ECG Interpretation

Below is a systematic approach to the interpretation of the ECG.

  1. Check Patient Details
    1. Name, DOB (and age), patient number
  2. Rate
    1. Calculate either by
      1. 300 divided by the number of large squares between each QRS complex (if the rhythm is regular)
      2. or by multiplying the total number of QRS complexes in a rhythm strip (usually 10 seconds) by 6
  3. Rhythm
    1. Is the rhythm regular or irregular?
      1. Regularly irregular (heart block)
      2. Irregularly irregular (Atrial fibrillation)
  4. Axis
    1. Hexaxial-Reference-systemThe most accurate way of determining the axis is by REMEMBERING THIS DIAGRAM
      1. I.e. lead I (0°); lead II (60°); lead III (120°); aVF (90°); aVR (-150°) and aVL (-30°).  Also -30-90° is normal; >90° is RAD; <-30° is LAD
      2. You then can calculate the axis by finding the iso-electric lead and +/- 90°.  Depending on the positive leads, you can determine the axis.
        1. e.g. if the isoelectric lead (biphasic lead with similarly sized positive and negative deflections) is lead aVL (-30°), the axis will either be 60° or -120°.  If leads I (0°), II (60°) and aVF (90°) are all positive, we know it must lie within this range, so it has to be 60° (normal axis).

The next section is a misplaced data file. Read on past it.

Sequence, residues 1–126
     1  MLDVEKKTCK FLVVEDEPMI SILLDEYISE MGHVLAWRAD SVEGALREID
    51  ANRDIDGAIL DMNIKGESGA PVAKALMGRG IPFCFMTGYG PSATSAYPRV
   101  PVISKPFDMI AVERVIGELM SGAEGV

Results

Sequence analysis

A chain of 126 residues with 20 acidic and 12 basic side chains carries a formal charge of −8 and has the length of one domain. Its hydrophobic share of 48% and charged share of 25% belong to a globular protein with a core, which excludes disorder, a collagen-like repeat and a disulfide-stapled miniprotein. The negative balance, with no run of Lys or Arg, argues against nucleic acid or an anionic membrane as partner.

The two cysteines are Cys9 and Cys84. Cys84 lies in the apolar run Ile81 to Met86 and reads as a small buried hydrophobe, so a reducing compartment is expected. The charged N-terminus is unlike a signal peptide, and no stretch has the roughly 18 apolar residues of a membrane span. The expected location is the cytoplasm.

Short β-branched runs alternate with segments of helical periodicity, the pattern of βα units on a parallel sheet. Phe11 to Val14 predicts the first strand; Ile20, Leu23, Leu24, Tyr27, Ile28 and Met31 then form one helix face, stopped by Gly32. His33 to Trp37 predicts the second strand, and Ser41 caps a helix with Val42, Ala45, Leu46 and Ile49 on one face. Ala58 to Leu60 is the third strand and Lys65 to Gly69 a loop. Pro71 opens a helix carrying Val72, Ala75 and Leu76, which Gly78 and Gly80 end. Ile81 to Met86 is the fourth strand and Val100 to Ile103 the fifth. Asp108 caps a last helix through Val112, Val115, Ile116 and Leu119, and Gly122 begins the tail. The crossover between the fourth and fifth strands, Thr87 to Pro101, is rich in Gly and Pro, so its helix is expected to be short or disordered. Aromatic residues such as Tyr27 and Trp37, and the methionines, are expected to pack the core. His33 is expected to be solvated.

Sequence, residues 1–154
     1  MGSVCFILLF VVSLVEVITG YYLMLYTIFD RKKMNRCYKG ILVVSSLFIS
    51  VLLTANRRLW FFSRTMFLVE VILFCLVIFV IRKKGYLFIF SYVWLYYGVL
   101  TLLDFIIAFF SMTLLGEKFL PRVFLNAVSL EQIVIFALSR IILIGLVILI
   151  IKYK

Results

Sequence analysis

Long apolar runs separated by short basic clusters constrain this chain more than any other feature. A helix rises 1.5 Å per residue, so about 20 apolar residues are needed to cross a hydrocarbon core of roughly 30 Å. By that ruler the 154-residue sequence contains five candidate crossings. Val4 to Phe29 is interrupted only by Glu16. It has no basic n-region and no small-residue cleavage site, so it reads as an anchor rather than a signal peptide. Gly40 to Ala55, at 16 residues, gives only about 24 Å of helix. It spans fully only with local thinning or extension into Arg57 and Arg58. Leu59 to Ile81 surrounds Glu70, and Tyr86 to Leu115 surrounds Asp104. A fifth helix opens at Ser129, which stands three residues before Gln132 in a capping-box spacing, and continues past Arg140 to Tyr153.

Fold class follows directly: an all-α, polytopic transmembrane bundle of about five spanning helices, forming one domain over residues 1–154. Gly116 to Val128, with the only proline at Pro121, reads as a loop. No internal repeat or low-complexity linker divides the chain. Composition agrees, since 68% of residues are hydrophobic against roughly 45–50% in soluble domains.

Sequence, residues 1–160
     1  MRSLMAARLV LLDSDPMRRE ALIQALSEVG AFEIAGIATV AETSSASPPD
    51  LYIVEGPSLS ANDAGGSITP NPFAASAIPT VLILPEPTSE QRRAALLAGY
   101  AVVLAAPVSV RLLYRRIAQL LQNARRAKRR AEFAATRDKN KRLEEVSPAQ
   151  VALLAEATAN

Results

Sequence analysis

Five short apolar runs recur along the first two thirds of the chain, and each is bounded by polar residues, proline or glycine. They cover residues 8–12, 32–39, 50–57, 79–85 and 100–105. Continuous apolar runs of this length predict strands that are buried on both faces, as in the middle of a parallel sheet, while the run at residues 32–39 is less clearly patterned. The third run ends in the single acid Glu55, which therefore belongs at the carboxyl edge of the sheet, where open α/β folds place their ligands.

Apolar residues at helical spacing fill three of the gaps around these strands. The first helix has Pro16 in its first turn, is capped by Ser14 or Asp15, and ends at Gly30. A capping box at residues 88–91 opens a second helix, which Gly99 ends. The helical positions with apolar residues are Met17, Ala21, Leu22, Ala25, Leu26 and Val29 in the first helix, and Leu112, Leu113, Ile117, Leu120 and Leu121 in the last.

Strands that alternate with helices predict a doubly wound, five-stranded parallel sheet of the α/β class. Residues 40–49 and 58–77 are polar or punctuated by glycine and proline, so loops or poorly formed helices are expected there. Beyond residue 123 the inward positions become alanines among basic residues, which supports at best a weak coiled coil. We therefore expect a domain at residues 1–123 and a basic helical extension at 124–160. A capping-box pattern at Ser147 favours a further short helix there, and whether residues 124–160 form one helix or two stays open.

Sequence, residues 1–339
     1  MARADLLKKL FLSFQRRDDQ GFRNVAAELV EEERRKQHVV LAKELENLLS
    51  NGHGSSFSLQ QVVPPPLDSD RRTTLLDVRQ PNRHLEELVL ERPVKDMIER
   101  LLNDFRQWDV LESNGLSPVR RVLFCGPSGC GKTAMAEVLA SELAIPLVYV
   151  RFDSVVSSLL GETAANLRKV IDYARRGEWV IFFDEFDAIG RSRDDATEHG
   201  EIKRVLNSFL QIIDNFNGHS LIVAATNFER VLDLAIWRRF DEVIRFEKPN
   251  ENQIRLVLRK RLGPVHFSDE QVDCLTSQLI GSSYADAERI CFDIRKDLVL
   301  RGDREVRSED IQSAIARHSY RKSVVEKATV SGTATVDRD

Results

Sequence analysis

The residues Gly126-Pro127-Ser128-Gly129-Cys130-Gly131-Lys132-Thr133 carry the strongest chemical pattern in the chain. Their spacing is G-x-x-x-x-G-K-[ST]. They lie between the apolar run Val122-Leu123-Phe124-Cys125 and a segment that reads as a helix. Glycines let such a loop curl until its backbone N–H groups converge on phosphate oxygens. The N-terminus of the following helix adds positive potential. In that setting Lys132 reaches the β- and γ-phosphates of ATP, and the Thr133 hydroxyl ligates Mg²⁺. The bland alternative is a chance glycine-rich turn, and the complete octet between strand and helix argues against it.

3. In short the axis is always in the direction of positive leads, away from negative leads and 90° to isoelectric leads.
    2. Alternatively, alcalc
    3. RAD suggests right ventricular hypertrophy e.g. Pulmonary hypertension; mitral stenosis; PE (note there can also be the classic prominent S wave in lead I and prominent Q wave in lead III and inverted T wave in lead III (S1Q3T3)); cor pulmonale; right ventricular cardiomyopathy.
    4. LAD can be due to left ventricular hypertrophy but is more commonly seen in LBBB, inferior MIs and other conduction defects e.g. WPWS
  5. Go through the waveform systematically
    1. P-waves: Present/Absent (Atrial fibrillation/flutter)
    2. PR interval (0.12-0.2 secs/3-5 small boxes): Normal/prolonged (see heart block)
    3. QRS complex (<0.12 secs): Narrow (normal) or broad (Ventricular arrhythmias; bundle branch block)
    4. ST-segment: elevated/normal/depressed (ischaemic changes (see ACS))
    5. T waves: normal/inverted/tall (old ischaemic changes or acute MI/hyperkalaemia)

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